Anyone in Ohio who drives a dump truck or ready-mix concrete delivery truck should know about the accident rates just released by the Federal Motor Carrier Safety Administration. Focusing on 2016, the latest year for which they have statistics, the FMCSA has shown that severe accidents involving dump trucks (that is, severe to the point that the truck had to be towed away) went up 9 percent for a total of 8,206.
Parents and other safety advocates in Ohio and across the country are concerned that proposed legislation aiming to reduce fatal truck accidents has seen little progress since it was introduced in Congress in 2017. Underride crashes, in which a passenger car slides under the carriage of a large truck or semi-trailer, can be devastating and often fatal. Severe head and neck injuries are common in these types of accidents, even when they occur at low speeds. Protective gear, called underride guards, can reduce the likelihood of a fatal crash.
In 2017, the total number of people who died in traffic accidents decreased 1.8 percent from 2016's numbers, going from 37,806 to 37,133 fatalities. Passenger vehicle, motorcyclist and pedestrian deaths saw a respective decline of 1.4, 3.1 and 1.7 percent. Speeding-related deaths dropped 5.6 percent and bicyclist deaths 8.1 percent. Ohio residents will agree that these are positive developments.
Distracted driving accidents are considered some of the most severe in terms of injuries and vehicle damage, and with the introduction of smartphones and other mobile devices, they are on the rise. Ohio residents should know, however, that new technology is being introduced that could help keep drivers from experiencing technology-related distractions.
Commercial truck drivers in Ohio and the rest of the United States have a higher risk of engaging in drowsy driving than other types of drivers. Drowsy driving is believed to be the cause of an estimated 100,000 motor vehicle accidents in the country every year. The extreme weight and size of commercial trucks and big rigs make them the most hazardous vehicles in drowsy driving accidents.
Commercial motor vehicle drivers in Ohio and across America should know that there are two upcoming inspection sprees, both concerned with enforcing brake safety guidelines. The two initiatives form part of Operation Airbrake, a program started back in 1998 by the Commercial Vehicle Safety Alliance and the Federal Motor Carrier Safety Administration. During the past 20 years, more than 3.4 million brakes have been inspected.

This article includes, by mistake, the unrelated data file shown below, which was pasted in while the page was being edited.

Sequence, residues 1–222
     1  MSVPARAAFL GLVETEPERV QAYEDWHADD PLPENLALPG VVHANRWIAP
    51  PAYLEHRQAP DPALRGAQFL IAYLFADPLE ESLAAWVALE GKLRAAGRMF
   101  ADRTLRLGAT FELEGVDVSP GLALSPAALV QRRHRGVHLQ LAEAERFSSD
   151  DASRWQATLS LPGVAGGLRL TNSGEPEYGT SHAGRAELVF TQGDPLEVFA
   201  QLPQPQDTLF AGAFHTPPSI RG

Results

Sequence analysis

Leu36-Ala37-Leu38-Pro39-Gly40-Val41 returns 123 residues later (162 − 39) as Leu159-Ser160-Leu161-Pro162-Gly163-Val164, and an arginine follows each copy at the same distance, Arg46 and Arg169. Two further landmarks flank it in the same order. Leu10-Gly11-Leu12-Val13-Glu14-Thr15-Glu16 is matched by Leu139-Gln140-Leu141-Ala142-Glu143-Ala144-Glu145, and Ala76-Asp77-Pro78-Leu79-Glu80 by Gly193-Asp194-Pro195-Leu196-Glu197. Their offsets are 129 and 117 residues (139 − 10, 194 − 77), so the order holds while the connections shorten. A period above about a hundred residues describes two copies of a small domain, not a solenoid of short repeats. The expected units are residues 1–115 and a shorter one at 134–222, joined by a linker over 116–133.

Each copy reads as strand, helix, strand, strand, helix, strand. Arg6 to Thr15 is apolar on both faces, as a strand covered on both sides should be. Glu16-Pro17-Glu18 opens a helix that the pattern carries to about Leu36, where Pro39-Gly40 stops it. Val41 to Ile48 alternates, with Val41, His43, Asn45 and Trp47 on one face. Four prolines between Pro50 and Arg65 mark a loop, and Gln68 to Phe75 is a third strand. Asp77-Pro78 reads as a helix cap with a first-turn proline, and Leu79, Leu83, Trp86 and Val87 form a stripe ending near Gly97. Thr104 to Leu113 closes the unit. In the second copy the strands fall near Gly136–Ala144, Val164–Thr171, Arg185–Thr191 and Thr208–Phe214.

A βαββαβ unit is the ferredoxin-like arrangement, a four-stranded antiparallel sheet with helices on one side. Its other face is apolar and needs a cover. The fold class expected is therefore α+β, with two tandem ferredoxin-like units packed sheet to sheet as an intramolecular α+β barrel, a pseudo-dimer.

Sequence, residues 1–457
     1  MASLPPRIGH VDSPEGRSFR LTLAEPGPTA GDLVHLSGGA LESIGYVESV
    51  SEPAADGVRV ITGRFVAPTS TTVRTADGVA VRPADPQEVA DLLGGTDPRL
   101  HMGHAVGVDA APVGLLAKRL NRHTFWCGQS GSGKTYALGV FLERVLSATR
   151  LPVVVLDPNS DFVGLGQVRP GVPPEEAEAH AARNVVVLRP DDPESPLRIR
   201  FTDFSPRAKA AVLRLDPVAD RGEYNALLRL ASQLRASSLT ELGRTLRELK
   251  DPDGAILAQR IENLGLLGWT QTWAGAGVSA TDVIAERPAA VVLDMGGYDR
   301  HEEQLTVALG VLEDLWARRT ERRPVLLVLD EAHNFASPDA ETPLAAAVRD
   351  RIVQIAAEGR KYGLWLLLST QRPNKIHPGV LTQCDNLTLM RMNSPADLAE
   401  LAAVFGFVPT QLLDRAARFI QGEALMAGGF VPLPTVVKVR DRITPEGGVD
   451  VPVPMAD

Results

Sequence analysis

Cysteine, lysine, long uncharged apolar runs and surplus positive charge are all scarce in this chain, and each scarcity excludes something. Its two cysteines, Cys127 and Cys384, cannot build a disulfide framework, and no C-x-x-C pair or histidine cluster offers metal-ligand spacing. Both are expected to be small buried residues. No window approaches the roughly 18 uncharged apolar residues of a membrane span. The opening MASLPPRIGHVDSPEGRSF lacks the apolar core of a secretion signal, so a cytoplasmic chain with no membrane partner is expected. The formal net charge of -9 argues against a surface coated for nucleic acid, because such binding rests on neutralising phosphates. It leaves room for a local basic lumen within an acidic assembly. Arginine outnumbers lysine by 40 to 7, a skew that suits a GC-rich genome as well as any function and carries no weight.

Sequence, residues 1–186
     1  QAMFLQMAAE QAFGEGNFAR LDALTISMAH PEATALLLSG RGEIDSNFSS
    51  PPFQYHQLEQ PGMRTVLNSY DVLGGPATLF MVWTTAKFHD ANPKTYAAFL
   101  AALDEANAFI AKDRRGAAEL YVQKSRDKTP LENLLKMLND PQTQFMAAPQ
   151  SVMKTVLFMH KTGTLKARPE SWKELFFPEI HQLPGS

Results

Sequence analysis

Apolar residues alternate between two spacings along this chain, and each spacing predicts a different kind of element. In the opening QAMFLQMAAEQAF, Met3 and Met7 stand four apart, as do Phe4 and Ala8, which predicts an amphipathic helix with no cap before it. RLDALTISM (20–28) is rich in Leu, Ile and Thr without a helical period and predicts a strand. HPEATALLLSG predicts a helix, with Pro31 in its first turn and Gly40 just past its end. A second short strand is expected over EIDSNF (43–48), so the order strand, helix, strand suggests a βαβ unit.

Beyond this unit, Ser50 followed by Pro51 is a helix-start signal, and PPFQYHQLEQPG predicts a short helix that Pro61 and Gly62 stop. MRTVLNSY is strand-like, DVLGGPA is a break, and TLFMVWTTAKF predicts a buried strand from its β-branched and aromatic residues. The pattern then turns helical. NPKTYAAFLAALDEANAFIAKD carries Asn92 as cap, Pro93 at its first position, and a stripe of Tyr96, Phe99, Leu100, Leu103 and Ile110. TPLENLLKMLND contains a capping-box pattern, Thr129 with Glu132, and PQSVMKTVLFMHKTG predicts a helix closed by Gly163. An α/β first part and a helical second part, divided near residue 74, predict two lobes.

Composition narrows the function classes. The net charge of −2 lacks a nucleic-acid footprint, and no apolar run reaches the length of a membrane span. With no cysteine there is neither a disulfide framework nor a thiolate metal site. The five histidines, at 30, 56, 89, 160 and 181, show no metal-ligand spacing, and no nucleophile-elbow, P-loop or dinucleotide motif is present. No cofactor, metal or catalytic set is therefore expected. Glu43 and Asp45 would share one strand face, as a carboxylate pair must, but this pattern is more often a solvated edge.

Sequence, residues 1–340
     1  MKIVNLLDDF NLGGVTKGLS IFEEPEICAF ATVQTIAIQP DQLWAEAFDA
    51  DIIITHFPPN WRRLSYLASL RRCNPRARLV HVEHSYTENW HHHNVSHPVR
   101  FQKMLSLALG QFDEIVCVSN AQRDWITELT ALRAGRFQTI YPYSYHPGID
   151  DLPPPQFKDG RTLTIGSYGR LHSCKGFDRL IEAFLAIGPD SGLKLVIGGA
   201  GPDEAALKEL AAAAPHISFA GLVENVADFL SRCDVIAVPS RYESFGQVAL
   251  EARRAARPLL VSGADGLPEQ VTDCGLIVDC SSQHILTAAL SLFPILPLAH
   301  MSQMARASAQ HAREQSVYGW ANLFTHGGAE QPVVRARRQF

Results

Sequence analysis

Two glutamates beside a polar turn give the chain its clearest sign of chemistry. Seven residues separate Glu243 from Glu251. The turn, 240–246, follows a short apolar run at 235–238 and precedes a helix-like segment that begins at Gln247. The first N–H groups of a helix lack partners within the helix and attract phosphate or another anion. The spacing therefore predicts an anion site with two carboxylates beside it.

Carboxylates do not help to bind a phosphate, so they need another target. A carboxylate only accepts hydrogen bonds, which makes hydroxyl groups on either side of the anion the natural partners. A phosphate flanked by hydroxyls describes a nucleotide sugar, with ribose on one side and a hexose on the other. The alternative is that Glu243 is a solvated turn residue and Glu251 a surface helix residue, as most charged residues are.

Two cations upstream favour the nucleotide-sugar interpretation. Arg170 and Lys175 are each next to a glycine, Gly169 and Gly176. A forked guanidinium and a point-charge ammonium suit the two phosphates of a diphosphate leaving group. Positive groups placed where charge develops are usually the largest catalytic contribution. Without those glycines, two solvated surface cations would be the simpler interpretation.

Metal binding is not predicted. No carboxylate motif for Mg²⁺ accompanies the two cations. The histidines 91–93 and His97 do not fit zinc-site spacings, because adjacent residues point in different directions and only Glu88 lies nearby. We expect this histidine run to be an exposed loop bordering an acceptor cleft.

As many Ohio drivers are aware, many trucks use the nation's roadways every day to transport goods. In fact, it is estimated that 2 million semi-trucks help move products and supplies each year. Due to the sheer number of trucks on the road, accidents involving these commercial vehicles do occur. However, there are ways that trucking firms can help reduce the number of accidents.
A commercial truck accident can burden victims with vehicle repair costs, medical bills and lost wages. To receive compensatory damages, they can either go through with litigation, or they can see if the other side will settle out of court. Civil law in Ohio, as in other states, allows for out-of-court settlements via alternative dispute resolution. ADR methods include negotiations, mediation and arbitration.
With more than 3 million commercial drivers moving 70 percent of the nation's cargo, the trucking industry is essential to the U.S. economy. It is also an industry fraught with dangers as turnover rates exceed 90 percent and drowsy driving becomes more and more common. Drivers in Ohio should know that a startup specializing in safety software could help prevent truck drivers from engaging in drowsy driving and other risky behavior.
Accidents caused by truck driver fatigue can be a major concern for people on the highways in Ohio and across the United States. Truck drivers work long shifts and drive monotonously for hours across the highway; many more perform their work in overnight hauls, which could increase the danger of drowsy driving. Drowsy driving can have a range of causes, including a medical condition called sleep apnea. When untreated, sleep apnea prevents sufferers from receiving a full night's sleep and could lead to dangerously drowsy driving.